Ups and downs of life in the coastal zone:
Shoreline deformation from holocene
earthquakes in Puget Sound, Washington

Brian Sherrod
University of Washington/USGS

Friday, May 15, 1998
12:00 noon—Pacific Forum

A spectacular bedrock point directly west of downtown Seattle has a striking wave-cut terrace. Evidence now suggests that this point was suddenly uplifted about seven meters during a large earthquake on the Seattle fault that occurred 1,100 years ago. A small marsh that sits astride the bedrock terrace provides me with a 7,000-year record of intertidal deposits. From this record, I have calibrated past salinity and elevation changes using fossil diatoms. The salinity and elevation reconstructions show an abrupt change from low-elevation, tideflat environments to higher elevation, freshwater marsh environments sometime after 1,500 years B.P. Several small-scale changes in elevation and salinity occurred earlier in the record, possibly the result of small earthquakes or storms.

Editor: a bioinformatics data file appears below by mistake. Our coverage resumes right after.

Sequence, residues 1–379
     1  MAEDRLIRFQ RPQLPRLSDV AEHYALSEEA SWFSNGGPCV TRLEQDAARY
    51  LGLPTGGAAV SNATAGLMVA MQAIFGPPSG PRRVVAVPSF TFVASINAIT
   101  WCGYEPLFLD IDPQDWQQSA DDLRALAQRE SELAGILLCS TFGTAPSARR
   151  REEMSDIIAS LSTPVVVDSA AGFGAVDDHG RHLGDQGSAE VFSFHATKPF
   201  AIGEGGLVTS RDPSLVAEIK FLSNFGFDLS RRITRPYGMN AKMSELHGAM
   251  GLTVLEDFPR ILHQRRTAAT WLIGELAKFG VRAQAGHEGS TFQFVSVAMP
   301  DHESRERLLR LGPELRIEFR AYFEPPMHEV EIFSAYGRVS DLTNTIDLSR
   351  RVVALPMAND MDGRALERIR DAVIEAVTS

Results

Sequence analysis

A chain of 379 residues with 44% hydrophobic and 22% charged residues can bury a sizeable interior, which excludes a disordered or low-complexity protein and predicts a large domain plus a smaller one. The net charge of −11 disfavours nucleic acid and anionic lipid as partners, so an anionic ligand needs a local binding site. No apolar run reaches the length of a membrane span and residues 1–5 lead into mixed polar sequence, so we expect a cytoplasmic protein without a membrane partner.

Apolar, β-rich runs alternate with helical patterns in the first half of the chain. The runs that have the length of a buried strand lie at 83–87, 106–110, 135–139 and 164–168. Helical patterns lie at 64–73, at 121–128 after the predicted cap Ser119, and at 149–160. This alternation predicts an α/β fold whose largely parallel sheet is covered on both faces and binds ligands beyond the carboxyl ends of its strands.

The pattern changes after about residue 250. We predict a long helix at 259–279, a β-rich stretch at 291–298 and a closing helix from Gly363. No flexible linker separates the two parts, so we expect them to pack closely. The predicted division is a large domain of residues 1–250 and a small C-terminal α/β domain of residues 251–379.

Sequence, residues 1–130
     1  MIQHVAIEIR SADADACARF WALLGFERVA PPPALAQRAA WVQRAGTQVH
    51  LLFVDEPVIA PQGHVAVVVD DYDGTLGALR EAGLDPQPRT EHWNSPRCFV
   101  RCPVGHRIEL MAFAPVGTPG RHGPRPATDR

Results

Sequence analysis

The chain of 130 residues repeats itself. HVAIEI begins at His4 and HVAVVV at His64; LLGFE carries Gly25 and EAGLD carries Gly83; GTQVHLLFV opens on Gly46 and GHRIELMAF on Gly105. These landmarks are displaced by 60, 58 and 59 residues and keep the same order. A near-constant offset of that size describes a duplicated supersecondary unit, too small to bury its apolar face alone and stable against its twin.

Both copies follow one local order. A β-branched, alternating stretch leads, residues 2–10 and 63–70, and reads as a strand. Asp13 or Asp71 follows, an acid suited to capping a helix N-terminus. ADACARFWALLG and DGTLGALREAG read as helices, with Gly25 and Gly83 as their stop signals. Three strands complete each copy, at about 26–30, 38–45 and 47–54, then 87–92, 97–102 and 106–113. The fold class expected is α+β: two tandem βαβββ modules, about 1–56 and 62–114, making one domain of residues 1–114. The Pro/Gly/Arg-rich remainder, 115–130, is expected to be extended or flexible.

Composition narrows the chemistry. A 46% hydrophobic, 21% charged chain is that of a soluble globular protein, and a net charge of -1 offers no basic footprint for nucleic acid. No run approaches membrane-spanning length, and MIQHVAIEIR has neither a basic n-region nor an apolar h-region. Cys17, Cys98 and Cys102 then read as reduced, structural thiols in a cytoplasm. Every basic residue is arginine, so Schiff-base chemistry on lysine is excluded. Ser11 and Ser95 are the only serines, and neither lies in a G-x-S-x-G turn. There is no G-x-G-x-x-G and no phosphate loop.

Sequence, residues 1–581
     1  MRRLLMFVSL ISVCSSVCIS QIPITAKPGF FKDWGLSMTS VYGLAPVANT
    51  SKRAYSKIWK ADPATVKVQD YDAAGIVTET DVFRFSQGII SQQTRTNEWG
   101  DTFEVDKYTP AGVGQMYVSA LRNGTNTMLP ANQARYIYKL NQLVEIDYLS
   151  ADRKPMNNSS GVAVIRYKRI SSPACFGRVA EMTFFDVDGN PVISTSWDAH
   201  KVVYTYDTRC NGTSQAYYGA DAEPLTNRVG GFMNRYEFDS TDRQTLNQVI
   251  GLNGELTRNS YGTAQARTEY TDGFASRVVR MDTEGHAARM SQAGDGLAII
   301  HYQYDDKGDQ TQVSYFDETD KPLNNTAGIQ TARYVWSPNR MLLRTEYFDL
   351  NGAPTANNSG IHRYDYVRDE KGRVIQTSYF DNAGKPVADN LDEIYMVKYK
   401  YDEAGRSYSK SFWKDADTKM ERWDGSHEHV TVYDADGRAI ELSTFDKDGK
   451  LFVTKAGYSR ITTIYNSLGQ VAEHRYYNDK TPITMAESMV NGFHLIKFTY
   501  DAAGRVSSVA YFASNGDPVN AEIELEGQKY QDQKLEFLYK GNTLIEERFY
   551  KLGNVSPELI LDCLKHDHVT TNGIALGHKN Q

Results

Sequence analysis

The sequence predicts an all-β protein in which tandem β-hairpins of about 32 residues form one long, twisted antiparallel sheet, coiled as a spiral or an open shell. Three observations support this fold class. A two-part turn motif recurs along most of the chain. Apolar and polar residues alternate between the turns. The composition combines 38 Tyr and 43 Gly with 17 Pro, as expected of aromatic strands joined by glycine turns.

In southern Puget Sound near Olympia, studies at several sites show that Douglas-fir forests on high-marsh soils abruptly subsided into the lower intertidal zone about 1,100 years ago, possibly from movement on a large fault nearby. Perhaps the most striking feature found in the stratigraphic record of several salt marshes is evidence that large areas of southern Puget Sound were occupied by freshwater lakes and marshes throughout most of the holocene. The first intertidal deposits appear in the stratigraphic record of present-day salt marshes in southern Puget Sound after 1,100 years B.P. This sudden change of environments is possibly related to abrupt subsidence during an earthquake, or prehistoric landslides that opened connections to Puget Sound from former freshwater environments.

Next: Marine animals and deep-sea video/data recording

Last updated: December 19, 2000